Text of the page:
Secure voice data unit
is an encryption/decryption device
and data signals,
developed around 1997 by Harris (now: L3Harris)
in Rochester (NY, USA).
It was commonly supplied as part of a 400 Watt HF radio station,
and used over narrowband HF channels.
Intended for non-Type 1 applications, it allows 3
unique algorithms to be selected.
The unit is also known as NSN 5820-01-469-8797.
The device has interfaces for Ethernet, RS-232 and fixed-base and
handset audio, a versatile processor platform,
an LPC-10 vocoder at 2400 baud,
a Harris CITADEL cryptographic engine,
a single-tone HF narrowband modem
with a speed of 75 - 4800 baud and a data-directed equalizer that minimises
the effects of multi-path delays.
The device is housed in a rugged (grey) die-cast aluminium enclosure,
and was part of the Harris RF-5800 Falcon II family of devices.
All controls, a
12-button keypad and a backlit Liquid Crystal Display (LCD),
are located at the front panel.
Also at the front is a standard
U-229 AUDIO socket
for connection of a handset,
headset or fixed audio unit, a 10-pin NF10 socket for connection of a
key FILL device
and/or the Crypto Ignition Key (CIK), and a 19-pin DATA socket.
The 4-pin power socket, one further 19-pin DATA socket, a 10base 2 thin
ethernet socket (BNC) and a GROUND terminal, are all located at the
The RF-5811 was registered in the NSN database in 30 November 1999  1
and was first tested in an operational context in 2003 and 2004 with the
Standby High-Readiness Brigade (SHIRBRIG)
of the United Nations (UN),
which existed from 1 January 2000 to 30 June 2009 .
It was used to replace the UN's existing
and HC-4220 (fax)
encryptors, and provide the
participating SHIRBRIG countries with
a common – compatible – interface for sending secure voice and data traffic
over HF radios and satellites.
Other uses of the RF-5811 are currently unknown.
The unit shown here has a manufacturing code of week 23 1997, but this
conflicts with the date codes on some of the chips, which are from
1998 and 2000. It is therefore likely that the design was modified
one or more times before the first units were delivered in 2000.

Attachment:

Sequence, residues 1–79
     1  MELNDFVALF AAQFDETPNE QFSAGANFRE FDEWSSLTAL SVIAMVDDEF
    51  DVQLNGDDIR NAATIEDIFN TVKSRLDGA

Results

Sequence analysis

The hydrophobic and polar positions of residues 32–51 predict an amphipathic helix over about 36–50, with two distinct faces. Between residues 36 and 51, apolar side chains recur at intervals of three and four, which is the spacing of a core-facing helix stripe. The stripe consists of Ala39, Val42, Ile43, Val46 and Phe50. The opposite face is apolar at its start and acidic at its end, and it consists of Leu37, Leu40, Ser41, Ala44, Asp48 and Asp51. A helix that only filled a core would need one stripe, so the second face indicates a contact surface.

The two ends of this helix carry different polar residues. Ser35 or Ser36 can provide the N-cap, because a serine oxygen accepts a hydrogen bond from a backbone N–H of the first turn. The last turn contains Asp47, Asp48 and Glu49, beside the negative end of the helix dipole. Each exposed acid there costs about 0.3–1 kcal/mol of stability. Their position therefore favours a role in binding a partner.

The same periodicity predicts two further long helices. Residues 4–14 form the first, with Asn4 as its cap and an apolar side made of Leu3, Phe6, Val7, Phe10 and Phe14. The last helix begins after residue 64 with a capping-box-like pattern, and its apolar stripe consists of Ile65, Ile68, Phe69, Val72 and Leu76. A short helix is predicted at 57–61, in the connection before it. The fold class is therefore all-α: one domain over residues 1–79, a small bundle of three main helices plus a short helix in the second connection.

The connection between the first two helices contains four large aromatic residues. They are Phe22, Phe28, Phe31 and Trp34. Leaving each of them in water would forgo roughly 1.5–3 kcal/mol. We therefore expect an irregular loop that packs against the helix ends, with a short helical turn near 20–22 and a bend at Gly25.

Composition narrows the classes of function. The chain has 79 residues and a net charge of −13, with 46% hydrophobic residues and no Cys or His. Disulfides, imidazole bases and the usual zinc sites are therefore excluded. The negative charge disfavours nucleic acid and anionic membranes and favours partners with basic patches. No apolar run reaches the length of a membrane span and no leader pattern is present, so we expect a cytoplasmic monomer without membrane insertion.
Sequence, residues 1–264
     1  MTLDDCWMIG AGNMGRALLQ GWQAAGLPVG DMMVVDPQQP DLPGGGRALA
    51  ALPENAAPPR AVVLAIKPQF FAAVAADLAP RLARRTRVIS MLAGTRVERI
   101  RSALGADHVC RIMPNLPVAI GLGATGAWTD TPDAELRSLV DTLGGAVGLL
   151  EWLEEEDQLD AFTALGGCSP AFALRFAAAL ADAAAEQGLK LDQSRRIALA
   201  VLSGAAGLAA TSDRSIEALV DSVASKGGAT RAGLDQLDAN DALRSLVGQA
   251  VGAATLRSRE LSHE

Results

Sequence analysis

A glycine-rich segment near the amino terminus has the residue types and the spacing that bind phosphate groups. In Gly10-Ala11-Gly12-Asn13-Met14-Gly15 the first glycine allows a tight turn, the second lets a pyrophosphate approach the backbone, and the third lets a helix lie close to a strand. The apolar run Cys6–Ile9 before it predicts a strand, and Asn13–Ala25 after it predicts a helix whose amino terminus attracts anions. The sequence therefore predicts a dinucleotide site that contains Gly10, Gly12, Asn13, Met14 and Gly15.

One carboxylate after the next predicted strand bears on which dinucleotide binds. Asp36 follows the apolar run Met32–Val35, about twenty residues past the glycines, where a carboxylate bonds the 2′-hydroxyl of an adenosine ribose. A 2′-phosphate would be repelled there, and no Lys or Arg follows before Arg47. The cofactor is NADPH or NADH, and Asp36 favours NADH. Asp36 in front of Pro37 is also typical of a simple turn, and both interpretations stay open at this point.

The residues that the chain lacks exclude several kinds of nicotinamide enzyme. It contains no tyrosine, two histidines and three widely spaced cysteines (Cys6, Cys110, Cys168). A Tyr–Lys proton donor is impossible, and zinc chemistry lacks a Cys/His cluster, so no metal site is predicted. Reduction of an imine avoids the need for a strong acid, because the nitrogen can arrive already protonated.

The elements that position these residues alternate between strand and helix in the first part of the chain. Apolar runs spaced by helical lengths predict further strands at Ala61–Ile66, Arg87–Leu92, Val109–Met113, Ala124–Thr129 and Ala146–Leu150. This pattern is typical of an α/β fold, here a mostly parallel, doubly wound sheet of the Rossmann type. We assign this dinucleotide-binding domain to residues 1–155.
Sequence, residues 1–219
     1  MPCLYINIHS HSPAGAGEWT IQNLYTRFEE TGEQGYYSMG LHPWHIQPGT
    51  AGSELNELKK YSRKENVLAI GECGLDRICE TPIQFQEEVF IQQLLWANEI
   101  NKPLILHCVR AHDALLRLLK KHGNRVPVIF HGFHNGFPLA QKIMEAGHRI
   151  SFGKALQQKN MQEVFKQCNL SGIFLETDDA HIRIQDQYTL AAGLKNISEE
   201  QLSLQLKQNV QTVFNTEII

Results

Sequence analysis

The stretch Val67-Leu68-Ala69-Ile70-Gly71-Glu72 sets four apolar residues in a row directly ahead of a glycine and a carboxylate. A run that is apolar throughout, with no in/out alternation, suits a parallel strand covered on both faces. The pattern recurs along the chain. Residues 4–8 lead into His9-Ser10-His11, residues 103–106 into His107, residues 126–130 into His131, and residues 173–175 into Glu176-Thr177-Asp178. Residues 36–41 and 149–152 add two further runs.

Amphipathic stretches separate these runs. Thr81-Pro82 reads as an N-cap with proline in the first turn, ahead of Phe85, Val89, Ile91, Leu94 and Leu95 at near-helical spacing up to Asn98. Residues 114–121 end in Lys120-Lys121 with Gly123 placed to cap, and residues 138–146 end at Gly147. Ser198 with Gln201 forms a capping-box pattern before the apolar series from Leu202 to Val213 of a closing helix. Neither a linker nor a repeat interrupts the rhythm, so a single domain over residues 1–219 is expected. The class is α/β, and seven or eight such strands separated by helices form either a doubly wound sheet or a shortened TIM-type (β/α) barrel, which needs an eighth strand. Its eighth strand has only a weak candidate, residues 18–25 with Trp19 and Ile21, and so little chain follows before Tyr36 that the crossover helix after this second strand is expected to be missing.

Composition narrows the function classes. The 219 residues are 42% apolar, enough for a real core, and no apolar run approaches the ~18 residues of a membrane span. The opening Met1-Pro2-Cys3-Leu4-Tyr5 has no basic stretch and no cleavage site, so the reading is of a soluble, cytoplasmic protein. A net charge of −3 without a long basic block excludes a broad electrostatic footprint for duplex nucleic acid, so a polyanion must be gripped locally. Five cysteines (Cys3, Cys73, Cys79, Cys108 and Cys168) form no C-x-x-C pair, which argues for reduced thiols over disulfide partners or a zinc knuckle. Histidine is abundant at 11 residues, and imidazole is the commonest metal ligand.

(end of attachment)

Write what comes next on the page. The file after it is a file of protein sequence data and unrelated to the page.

The diagram below provides a quick overview of the controls and
connections on the body of the RF-5811. Power, the local network
and any local (parallel or serial) data devices (i.e. the RED side)
are connected to the sockets at the rear. The radio should be
connected to the DATA socket on the front panel, whilst a handset
(or equivalent) is connected to the 6-pin U-229 AUDIO socket.
SHIRBRIG was a Danish-led initiative, associated with the United Nations (UN)
aimed to create a standby force ready for peacekeeping, formed as a result of
the Rwandan genocide of 1994 . It had permanent headquarters in
Høvelte (Denmark) and was initially led by Major General Patrick Cammaert of
the Royal Netherlands Marine Corps .
The brigade was active from 1 January 2000 to
30 June 2009. During its existence, the following countries participated
in the brigade:
The RF-5811 is housed in a die-cast aluminium enclosure that measures
250 x 183 x 80 mm and weights 2116 grams. The centre part
of the front panel can be removed. The interior is accessible from the rear,
and requires the four black screws at the corners of the rear panel
to be loosened.
After loosening these screws, the rear panel – that is sealed with a watertight
gasket – can be removed. Mounted to the
inside of the rear panel is a PCB on
which all rear connections
are mounted. This PCB is connected to the front
panel via a 50-wire high-density ribbon cable.
On the board are the two transformers for the 10base2 Ethernet interface,
and some filtering for the data lines. Also on this board is a
that is held in place by a metal bracket. This battery is responsible
for retaining the KEKs
and TEKs in the unit's internal CMOS memory.
Also connected to the front panel – which acts as a central hub – is a
that contains the actual circuitry. It is divided in two
sections – marked compartment A and B – and is slotted into the front panel by
means of two wide multi-pin connectors; one for each compartment.
The tray is held in place by two recessed screws that are located near the
short sides. After loosening these screws, the
entire tray can be pulled out
towards the rear. Note that before doing this, it is advisable to
removed the rear panel first, by disconnecting the 50-pin ribbon cable.
The tray is mounted upside down
(when looking into the rear end of the
device. Inside it are four PCBs – two for each compartment – separated
by a metal panel. There are no direct connections between the two
holds a PCB with a Motorola MC68331
processor, an Altera Flex FPGA and an LSI-chip marked
It is mounted on top of another large PCB
with the same processor and FPGA,
plus a TMS-320 Digital Signal Processor (DSP) made by Texas Instruments.
This DSP is probably used for
the implementation of the LPC-10 speech processor.
LPC-10 is a vocoder that allows digitised speech to be transmitted
through a narrowband channel (of 800 to 2400 bits per second), at
the expense of speaker recognition. The B-side of the tray holds two
one with another TMS320 DSP,
and one with a
Motorola XPC860 multi-I/O controller
with built-in 32-bit processor. The latter provides
the DATA and ETHERNET ports.
At present, no further information about the Harris RF-5811 is available.
We are currently looking for brochures, operating manuals, technical
documentation and further examples of its use in an operational context.
If you can supply any of these, please contact us.
Any links shown in red are currently unavailable.
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© Crypto Museum. Created: Friday 08 November 2019. Last changed: Saturday, 09 November 2019 - 08:41 CET.